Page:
O/p: array(['affection', 'exercise', 'bonding', 'leisure', 'achievement', 'enjoy_the_moment', 'nature'], dtype=object)


WordCloud:

all_words = ' '.join([text for text in data['SentimentText']])
wordcloud = WordCloud(width=800, height=500, random_state=21, max_font_size=110).generate(all_words)
plt.figure(figsize=(10, 7))
plt.imshow(wordcloud, interpolation="bilinear")
plt.axis('off')
plt.show()

In this section, the word cloud has made on column SentimentText.

In the first step, all words are joined. Then a word cloud with height 800 and width 500, with font size 110 has been plotted. (With figure size of width 10 and height 7) the word cloud interpolation is bilinear.


Data Preparation And Feature Engineering:

Sequal to data exploration is data preparation and feature engineering. In this step, we encode the Target variable and vectorize the textual data present in our data set. This could be done in multiple ways such as:

1: By using the TF-IDF encoder

2: count vectorizer

3: word2vec etc

If the data had been messier then this step would include cutting out noise as well .i.e. more of data preprocessing but since the data we have is already processed we can simply leave that part. Also, we need to split the data into training and validation set, this will come handy when we come to model evaluation.

Instead, we will use the TF-IDF vectorizer (Term Frequency — Inverse Document Frequency), a similar embedding technique that takes into account the importance of each term to document.

While most vectorizers have their unique advantages, it is not always clear which one to use. In our case, the TF-IDF vectorizer was chosen for its simplicity and efficiency in vectorizing documents such as text messages.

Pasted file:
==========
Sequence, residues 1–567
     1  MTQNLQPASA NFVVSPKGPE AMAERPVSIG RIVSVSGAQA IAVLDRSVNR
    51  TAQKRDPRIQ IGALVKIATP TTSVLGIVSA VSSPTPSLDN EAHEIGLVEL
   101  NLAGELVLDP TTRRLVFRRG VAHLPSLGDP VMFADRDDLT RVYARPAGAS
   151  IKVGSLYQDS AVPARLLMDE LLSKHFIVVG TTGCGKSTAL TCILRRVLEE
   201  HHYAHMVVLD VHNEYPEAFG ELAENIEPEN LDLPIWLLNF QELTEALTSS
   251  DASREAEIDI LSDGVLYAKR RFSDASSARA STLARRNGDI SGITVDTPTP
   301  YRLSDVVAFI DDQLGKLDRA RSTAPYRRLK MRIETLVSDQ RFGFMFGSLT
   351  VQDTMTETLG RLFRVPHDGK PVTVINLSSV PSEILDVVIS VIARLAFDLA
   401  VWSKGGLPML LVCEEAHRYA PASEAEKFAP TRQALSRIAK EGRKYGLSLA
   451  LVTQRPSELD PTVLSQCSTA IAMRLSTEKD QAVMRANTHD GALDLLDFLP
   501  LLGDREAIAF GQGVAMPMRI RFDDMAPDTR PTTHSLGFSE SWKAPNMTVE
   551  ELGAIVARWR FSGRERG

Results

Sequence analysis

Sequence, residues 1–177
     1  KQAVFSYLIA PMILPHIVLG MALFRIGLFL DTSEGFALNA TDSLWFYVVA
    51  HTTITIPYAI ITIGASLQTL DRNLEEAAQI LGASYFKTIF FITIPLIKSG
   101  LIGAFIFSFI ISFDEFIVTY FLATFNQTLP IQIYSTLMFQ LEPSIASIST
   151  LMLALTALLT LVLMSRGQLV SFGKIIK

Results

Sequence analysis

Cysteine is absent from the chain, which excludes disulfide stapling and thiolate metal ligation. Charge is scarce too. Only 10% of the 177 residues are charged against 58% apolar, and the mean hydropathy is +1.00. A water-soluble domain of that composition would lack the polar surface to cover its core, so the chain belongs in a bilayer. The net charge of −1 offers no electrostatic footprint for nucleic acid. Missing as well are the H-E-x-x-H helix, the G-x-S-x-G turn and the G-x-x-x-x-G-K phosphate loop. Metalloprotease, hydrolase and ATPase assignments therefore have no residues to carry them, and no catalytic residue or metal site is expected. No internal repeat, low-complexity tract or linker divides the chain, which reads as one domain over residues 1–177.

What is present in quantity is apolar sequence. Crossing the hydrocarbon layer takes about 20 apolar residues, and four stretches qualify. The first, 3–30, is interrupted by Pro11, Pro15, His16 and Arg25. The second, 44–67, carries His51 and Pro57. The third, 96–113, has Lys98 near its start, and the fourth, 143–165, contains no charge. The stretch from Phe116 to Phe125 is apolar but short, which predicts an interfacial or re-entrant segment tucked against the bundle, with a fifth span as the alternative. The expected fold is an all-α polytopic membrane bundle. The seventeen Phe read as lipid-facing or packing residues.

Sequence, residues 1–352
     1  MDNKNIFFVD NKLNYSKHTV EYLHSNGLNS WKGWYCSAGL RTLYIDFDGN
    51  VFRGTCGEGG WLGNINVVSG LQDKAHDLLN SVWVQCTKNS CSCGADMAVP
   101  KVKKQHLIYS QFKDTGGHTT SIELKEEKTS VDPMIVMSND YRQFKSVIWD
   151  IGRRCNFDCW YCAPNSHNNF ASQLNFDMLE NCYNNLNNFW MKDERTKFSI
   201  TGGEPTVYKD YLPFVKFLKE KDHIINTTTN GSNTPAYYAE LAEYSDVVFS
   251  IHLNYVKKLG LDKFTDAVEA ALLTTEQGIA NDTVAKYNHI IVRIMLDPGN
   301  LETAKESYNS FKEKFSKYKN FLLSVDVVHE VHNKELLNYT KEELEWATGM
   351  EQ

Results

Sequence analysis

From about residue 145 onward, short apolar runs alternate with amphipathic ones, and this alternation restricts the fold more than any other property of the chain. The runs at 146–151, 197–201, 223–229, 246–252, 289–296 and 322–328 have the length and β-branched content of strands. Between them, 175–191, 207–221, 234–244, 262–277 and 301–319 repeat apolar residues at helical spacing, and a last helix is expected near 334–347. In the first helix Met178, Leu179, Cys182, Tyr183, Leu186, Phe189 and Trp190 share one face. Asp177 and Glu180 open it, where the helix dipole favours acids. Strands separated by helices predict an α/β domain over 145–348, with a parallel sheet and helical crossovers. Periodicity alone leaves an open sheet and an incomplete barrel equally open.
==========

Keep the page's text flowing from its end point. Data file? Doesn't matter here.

TF-IDF vectorizes documents by calculating a TF-IDF statistic between the document and each term in the vocabulary. The document vector is constructed by using each statistic as an element in the vector.

After settling with TF-IDF, we must decide the granularity of our vectorizer. A popular alternative to assigning each word as its own term is to use a tokenizer. A tokenizer splits documents into tokens (thus assigning each token to its own term) based on white space and special characters.

data.replace(r'\b\w{1,4}\b','', regex =True, inplace = True)
encoder = preprocessing.LabelEncoder()
data['Target'] = encoder.fit_transform(data['predicted_category'])
vectorizer = CountVectorizer()
vectorizer.fit(data['cleaned_hm'])
data['vec'] = vectorizer.transform(data['cleaned_hm'])
Train_X, Test_X, Train_Y, Test_Y = model_selection.train_test_split(vec,data['predicted_category'],test_size=0.1)
data.head()

Let's have a look at the shape of the data.

Train_X.shape,Test_X.shape

O/p: ((54288, 17021), (6033, 17021))


Model Training This involves the selection of algorithms and training models based on that algorithm. There are multiple algorithms that could perform this kind of stuff e.g Naive Bayes, SVM, Neural nets, and so on.

SVM = svm.SVC(C=1.0, kernel='linear', degree=3, gamma='auto')
SVM.fit(Train_X , Train_Y)
predictions_SVM = SVM.predict(Test_X)

here we have imported the Support vector machine model into it to train our model.


Accuracy:

The accuracy of 79.62 with an F1-score of 0.79 is achieved by SVM, which is not that bad we can tune this model and choose different features like POS, word embeddings, etc in place of cout vector formations in order to increase the accuracy and other evaluation measures of our model.

print("SVM Accuracy Score -> ",accuracy_score(predictions_SVM, Test_Y)*100)
print(classification_report(Test_Y,predictions_SVM))
print(f1_score(Test_Y,predictions_SVM, average='weighted'))

So in this way, we can make a text classification.

For code Refer to this link: https://github.com/kapuskaFaizan/NLP-jupyter_notebook/blob/master/Text_classification_SVM.ipynb


Thank You For Reading!! Happy Learning